HIV/AIDS: UN Highlights 1 Most Important Thing That Can End Spread of Disease

HIV/AIDS: UN Highlights 1 Most Important Thing That Can End Spread of Disease

  • As the fight against the spread of HIV/AIDS continues globally, Nigeria has been urged to do all it takes to end inequality among persons living with the virus
  • The call was made by the country director of the Joint United Nations Programme on HIV/AIDS (UNAIDS), Erasmus Morah
  • Morah said Nigeria must not rest its oars in the effort to prevent the transmission of HIV from mothers to their newborns

The Joint United Nations Programme on HIV/AIDS (UNAIDS) has said that there is an urgent need to tackle the long-standing inequalities existing in the accessment of HIV treatment commodities among people living with the virus.

The country director of UNAIDS, Erasmus Morah, said this while speaking at the press conference organised by the National Agency for the Control of AIDSS (NACA) in Abuja on Wednesday, November 24.

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NACA Meeting
Nigeria is said to have the largest number of babies who have tested positive for HIV. Photo: National Agency for the Control of AIDS (NACA)
Source: Facebook

The conference attended by Legit.ng reporter was in commemoration of the 2021 World AIDS Day themed, "End Inequalities, End AIDS Through Sustainable HIV Financing in Nigeria."

Morah said while the dreaded inequality has only increased, tackling inequality is key to ending HIV/AIDS among key populations living with the virus.

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Commending Nigeria's effort in being party to the promise made at the June 2021 UN General Assembly High-Level meeting in New York, Morah said the country has put a befitting spin to the global theme for WAD.

Nigeria is the biggest producer of HIV positive babies

Further speaking on the prevention of mother-to-child transmission of HIV/AIDS, Morah described Nigeria as the largest producer of HIV positive babies.

He said one in seven babies testing positive for HIV is alarming and needs to be tackled with all available resources.

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Urging the media to take the centre stage in asking the right questions about preventing mother-to-child transmission of the disease, the UNAIDS country director said there is a need to ensure that HIV commodities reach the most neglected population.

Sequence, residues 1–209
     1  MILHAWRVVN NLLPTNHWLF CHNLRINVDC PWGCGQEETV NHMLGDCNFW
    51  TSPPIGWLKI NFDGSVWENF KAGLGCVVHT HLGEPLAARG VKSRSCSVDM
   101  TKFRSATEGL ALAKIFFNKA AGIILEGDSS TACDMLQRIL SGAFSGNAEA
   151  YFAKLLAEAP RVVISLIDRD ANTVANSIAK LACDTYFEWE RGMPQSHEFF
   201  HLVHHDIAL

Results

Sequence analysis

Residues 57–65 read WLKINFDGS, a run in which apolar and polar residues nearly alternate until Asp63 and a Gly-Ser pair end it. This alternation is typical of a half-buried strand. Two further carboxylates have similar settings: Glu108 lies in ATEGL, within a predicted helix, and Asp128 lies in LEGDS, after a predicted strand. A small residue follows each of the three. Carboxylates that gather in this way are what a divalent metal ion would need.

Morah said:

"To end this, our question should be who is not on the bus, who doesn't have access to HIV commodities, treatment and prevention services."

Progress recorded by Nigeria in curbing the spread of HIV

In his address, the director-general of NACA, Aliyu Gambo, Nigeria has recorded significant progress in its war against HIV/AIDS.

Gambo said a recalibration of the HIV epidemic showed a significant decline in HIV prevalence from 5.8 in 2001 to 1.3 in 2018.

He also said that it is presently estimated that 1.8 million people living with HIV in Nigeria of which 90% are aware of their HIV status, 96% are on treatment and 84% are virally suppressed.

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The NACA DG said:

"Despite the negative impact of the lockdown instituted as a public health measure to curb the spread of COVID-19 across the world, the HIV programme in Nigeria proved resilient with an increase in the number of people placed on treatment."

He added that various activities including a road walk, Jumat prayer and thanksgiving services, adolescent and young person events including debate among schools, HIV testing services and many others have been outlined to commemorate the 2021 WAD.